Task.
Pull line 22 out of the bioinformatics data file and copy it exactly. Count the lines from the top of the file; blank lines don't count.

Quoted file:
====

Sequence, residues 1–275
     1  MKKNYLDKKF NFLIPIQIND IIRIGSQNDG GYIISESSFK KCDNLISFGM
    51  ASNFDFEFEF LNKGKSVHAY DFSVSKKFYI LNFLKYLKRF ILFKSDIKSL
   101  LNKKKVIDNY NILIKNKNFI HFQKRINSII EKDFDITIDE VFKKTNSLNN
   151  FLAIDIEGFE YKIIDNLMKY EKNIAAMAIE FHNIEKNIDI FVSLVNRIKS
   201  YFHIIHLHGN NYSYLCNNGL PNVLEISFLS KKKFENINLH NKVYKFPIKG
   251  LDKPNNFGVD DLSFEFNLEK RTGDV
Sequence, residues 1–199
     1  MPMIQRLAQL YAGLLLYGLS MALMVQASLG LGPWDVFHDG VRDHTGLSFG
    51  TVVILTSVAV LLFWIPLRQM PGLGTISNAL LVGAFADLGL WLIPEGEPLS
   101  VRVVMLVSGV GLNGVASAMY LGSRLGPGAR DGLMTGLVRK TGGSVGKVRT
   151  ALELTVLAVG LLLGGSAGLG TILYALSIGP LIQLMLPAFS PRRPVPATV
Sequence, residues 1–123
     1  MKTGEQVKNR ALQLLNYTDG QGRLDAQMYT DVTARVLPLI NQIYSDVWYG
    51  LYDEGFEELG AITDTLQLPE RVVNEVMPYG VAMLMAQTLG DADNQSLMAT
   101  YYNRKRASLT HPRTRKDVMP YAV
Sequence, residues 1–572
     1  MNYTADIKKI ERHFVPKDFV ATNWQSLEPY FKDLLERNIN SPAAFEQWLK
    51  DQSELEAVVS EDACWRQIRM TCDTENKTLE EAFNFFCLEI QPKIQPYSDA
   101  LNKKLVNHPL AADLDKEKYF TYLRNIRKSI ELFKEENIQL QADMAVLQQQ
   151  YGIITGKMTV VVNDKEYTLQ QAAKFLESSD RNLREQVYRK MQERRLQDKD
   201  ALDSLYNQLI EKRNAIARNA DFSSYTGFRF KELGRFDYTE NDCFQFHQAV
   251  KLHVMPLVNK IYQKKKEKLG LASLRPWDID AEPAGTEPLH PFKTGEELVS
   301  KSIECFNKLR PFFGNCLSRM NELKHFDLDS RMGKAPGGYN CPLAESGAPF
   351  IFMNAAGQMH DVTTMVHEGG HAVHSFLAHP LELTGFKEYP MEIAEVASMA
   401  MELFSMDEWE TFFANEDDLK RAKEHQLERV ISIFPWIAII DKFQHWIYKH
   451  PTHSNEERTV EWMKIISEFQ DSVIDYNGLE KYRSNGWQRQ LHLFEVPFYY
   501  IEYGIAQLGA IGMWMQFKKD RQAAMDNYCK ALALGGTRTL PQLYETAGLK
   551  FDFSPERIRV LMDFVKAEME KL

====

   201  ALDSLYNQLI EKRNAIARNA DFSSYTGFRF KELGRFDYTE NDCFQFHQAV